Bradley v. Murphy, 092316 ALCIV, 2150274

Docket Nº:2150274
Opinion Judge:DONALDSON, Judge.
Party Name:Julia M. Bradley v. Kevin D. Murphy Kevin D. Murphy v. Julia M. Bradley
Judge Panel:Thompson, P.J., and Pittman and Moore, JJ., concur. Thomas, J., concurs in the result, without writing.
Case Date:September 23, 2016
Court:Alabama Court of Civil Appeals

Julia M. Bradley


Kevin D. Murphy

Kevin D. Murphy


Julia M. Bradley

No. 2150274

Alabama Court of Civil Appeals

September 23, 2016

Appeals from Baldwin Circuit Court (DR-10-901649.03)


Julia M. Bradley ("the mother") appeals, and Kevin D. Murphy ("the father") cross-appeals, from a judgment of the Baldwin Circuit Court ("the trial court") entered following a trial on the father's petition to modify the parties' divorce judgment. As to the mother's appeal, we reverse and remand; as to the father's cross-appeal, we affirm.

Facts and Procedural History

The mother and the father were divorced by a judgment entered by the trial court in March 2011. The parties had two minor children at the time of the divorce, D.M. and K.M ("the children"). The divorce judgment, which incorporated the parties' settlement agreement, among other things, granted the mother sole physical custody of the children and ordered the father to pay $3, 600 per month in child support. On June 6, 2014, the father filed a petition seeking, among other things, a modification of his child-support obligation and a modification of custody of the children. In the petition, the father asserted that his income had significantly decreased since the entry of the divorce judgment and that his child-support obligation had been erroneously calculated. The father also requested joint physical custody of the children. Additionally, the father filed a contempt motion, asserting that the mother had interfered with his visitation.

The trial court held a trial on the father's petition on April 23, 2015, at which both the father and the mother testified. The father testified that, at the time the divorce judgment was entered, he was living in Indonesia and working for a global oil company and that, when he was living in Indonesia, he returned to Alabama two to three times each year for three weeks at a time. The father testified that he changed his job assignment in December 2014 so that he could spend more time with the children. Under the arrangement in place at the time of the modification trial, the father alternated living in Alabama and Angola approximately every other month. The father also testified that the mother had prevented him from seeing the children on various occasions when he had returned to Alabama.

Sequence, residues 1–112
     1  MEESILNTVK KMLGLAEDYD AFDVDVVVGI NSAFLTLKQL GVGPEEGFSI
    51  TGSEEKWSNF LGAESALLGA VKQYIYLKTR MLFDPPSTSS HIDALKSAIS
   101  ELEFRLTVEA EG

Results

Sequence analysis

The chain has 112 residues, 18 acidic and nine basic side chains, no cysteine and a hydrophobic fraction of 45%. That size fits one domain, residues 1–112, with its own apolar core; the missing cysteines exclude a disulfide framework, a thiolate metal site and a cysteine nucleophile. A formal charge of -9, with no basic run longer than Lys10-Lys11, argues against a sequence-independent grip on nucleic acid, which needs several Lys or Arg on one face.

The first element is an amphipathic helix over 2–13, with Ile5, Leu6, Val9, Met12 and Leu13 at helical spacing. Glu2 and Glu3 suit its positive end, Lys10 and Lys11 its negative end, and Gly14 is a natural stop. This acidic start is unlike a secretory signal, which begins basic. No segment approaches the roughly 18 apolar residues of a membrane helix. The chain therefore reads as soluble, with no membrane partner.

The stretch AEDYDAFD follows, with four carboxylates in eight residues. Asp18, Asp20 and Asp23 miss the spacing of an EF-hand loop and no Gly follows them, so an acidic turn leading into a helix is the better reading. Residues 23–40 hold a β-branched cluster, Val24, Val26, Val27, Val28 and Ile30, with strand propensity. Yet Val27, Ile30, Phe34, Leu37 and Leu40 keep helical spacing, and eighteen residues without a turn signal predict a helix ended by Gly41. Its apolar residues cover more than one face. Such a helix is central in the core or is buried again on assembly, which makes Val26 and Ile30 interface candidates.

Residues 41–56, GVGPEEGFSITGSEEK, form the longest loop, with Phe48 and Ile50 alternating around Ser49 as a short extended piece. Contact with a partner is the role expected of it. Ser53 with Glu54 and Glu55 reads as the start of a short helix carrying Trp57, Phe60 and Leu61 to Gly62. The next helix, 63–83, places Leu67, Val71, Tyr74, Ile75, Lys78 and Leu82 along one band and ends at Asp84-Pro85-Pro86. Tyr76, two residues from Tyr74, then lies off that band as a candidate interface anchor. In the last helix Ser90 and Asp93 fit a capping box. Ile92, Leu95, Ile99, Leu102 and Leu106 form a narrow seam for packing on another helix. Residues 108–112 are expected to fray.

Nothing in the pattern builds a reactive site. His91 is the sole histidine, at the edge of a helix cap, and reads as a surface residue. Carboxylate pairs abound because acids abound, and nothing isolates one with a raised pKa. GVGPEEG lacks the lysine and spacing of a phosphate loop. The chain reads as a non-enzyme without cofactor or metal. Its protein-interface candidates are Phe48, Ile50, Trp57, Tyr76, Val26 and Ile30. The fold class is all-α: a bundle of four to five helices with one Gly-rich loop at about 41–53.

The father testified that, at the time the divorce judgment was entered in 2011, his monthly income was $38, 386. The father testified that, since then, his income had decreased to $27, 153 per month. The father testified that he paid $468.40 per month for health-insurance coverage. The father testified that the first time he saw the CS-42 child-support-guidelines form ("the CS-42 form") that had been prepared by the mother and filed in the trial court before the entry of the divorce judgment was when he was in his current attorney's office for consultation regarding the filing of the modification petition. At that time, the father learned that health-insurance costs in the amount of $240 had been added to, rather than deducted from, his child-support obligation on the CS-42 form, thereby, he says, causing a $480 calculation error.

The father stated that he had requested a custody modification so that he could exercise custody of the children each time he was in Alabama. The father testified that he would like to have a strong father-daughter relationship with both children. The father testified that he would be able to homeschool the children while they were in his care. The mother's testimony was brief and was directed toward the custody-modification request and the contempt motion. She testified that the reason she had not allowed the father to have visitation with the children on certain occasions was because the children are homeschooled and, she believed, the parties would be violating truancy laws if she allowed the children to have an undefined amount of time away from her home with the father. The mother testified that the father had previously opposed medical and psychiatric care for the children and that the children, on occasion, had exhibited signs of poor hygiene when returning to the mother after exercising visitation with the father.

At the conclusion of the modification trial, the trial court found the mother in contempt for preventing the father's visitation with the children on certain occasions and awarded $1, 000 in attorney's fees to the father as a sanction for the mother's contemptuous conduct.[1] The trial court declined to modify the custody provisions of the divorce judgment but stated that the father's parenting time would be increased. The trial court also explained in open court that it would not modify the father's child-support obligation but that it intended to "correct" what was described as a "calculation error" and give the father credit for that error: "I'm not going to modify the child support, per se, based on what the income level has been not just in 2011 to today, but over the course of the last four years, I understand that you voluntarily decided to reduce that income to spend time with them, and that is commendable, but because that was a voluntary reduction, I don't feel like the girls should necessarily suffer in other ways. And you chose and agreed to pay more than even the guidelines.

"Now, with your level of income, I don't believe that the amount that you're...

To continue reading